Does It Really Matter if You Love Your Job?

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Does It Really Matter if You Love Your Job?


A lot of people say it doesn’t matter much if you love your job. If you do, that’s great — it’s a bonus. But the main purpose of a job is to put food on the table, and actually liking what you do is secondary.


This is actually bad advice. There are lots of reasons, but let me mention just one: if you don’t love your job, you risk being a poor steward.


I’m not talking here about people who have no choice in the matter. In the NT exhortations on work, slaves are the best example here. A slave had little or no control over his work, and Paul said “don’t worry about it — you are serving the Lord in what you do, and he values it and will reward you” (see 1 Corinthians 7:21; Colossians 3:23-24).


But we aren’t slaves, and we do have a choice in our work. This increases our responsibility to choose wisely. And it that choice in what we do for our work is a stewardship.


And here’s how that relates to why you should do your best to seek out a job you love (or, sometimes better, turn your job in to something you love most of the time): you will be more effective in your job if you love it.


We can, of course, work hard in jobs that we don’t love. But the extra effort, the mastery that takes us above and beyond and makes us maximally effective, is fueled by enthusiasm. To the extent that you lack this enthusiasm for the activities of your work, you will be less effective. You will not be able to stretch and push yourself and grow in your knowledge and skill as highly as you could otherwise.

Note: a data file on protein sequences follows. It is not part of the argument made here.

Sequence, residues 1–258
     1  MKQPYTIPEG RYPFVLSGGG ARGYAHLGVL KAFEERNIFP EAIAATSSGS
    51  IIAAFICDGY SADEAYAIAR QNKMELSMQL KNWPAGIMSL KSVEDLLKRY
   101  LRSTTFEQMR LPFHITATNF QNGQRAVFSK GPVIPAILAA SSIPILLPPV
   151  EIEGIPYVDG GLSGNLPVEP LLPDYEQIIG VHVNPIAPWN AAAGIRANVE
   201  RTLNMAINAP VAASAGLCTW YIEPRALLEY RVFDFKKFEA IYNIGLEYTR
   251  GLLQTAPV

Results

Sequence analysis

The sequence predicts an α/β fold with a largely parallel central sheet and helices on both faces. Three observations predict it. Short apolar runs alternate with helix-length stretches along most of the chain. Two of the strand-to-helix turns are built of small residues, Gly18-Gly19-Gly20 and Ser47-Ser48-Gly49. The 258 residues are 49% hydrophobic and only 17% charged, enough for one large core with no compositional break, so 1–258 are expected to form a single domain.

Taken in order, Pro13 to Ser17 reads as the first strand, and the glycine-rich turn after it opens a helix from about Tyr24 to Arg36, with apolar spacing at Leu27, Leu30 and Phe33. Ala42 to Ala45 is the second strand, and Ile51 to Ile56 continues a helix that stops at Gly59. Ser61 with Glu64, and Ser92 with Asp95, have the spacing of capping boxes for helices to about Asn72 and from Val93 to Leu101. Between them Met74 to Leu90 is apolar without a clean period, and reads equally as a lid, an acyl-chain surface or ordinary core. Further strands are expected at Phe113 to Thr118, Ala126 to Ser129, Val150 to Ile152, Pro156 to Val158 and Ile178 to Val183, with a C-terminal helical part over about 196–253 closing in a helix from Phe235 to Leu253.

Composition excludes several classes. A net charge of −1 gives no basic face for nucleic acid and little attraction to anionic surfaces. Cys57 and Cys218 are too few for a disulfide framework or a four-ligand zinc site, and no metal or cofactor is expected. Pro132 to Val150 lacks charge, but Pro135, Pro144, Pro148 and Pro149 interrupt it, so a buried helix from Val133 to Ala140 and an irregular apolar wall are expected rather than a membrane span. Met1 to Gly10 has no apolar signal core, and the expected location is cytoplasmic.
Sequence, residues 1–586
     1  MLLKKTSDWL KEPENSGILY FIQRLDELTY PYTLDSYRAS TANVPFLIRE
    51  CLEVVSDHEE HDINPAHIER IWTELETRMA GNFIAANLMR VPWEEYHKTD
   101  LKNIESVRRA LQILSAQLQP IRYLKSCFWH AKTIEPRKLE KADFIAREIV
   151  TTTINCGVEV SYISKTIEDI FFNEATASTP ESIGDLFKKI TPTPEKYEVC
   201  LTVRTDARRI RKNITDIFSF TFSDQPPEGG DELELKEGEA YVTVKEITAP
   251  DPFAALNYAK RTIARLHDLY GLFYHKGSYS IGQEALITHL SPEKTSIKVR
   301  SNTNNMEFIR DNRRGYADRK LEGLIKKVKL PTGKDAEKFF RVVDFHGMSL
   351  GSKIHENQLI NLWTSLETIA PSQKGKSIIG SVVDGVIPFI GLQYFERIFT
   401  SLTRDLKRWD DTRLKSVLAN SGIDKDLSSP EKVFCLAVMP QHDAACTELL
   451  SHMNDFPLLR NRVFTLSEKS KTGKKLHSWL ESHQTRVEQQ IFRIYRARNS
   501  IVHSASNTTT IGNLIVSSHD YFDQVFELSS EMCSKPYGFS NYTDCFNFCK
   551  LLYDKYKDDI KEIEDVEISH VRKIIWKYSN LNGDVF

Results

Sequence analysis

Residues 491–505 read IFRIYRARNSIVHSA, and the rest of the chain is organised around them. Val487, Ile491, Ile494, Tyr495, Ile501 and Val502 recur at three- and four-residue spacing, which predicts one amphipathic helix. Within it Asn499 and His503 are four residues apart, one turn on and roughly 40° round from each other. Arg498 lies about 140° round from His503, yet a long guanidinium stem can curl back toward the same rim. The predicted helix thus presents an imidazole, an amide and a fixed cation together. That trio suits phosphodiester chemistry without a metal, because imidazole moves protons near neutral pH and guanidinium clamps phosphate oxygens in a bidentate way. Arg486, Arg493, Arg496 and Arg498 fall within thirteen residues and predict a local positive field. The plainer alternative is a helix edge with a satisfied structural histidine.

Which means you will not be contributing as much as you could. Which is another way of saying: you won’t be making the difference you could and serving others to the extent that, perhaps, is truly needed. You will be leaving things on the table — things that could have benefited others, and wouldn’t have necessarily required much more from you because, after all, you have to work anyway.


I don’t necessarily want to say here that it is wrong to settle for a job you don’t love. But I do want point out that finding a job you love is not ultimately a matter of serving yourself. It’s a matter of serving others, because you will be more effective for the sake of others if, most of the time, your job is something you love.



Everybody would probably love to be working in a field that they love; however, some may feel that's just not possible given their current circumstances. If you are currently doing work that you no longer enjoy, try taking the necessary steps to get to where you want to be. It doesn't mean quitting your current job straightaway, it just means looking for opportunities to monetize where your passions lie. Start planning how you are going to get there.


What new skills do you have to learn? What new places do you have to network? You should, however, perform your current position to the best of your abilities. Be positive that whatever job you are doing now is not forever. Positive energy is essential to shape your attitude. No matter how bad your current situation is or how bad your boss may treat you, stay positive, you will build resolve and show your mind that nothing can get you down.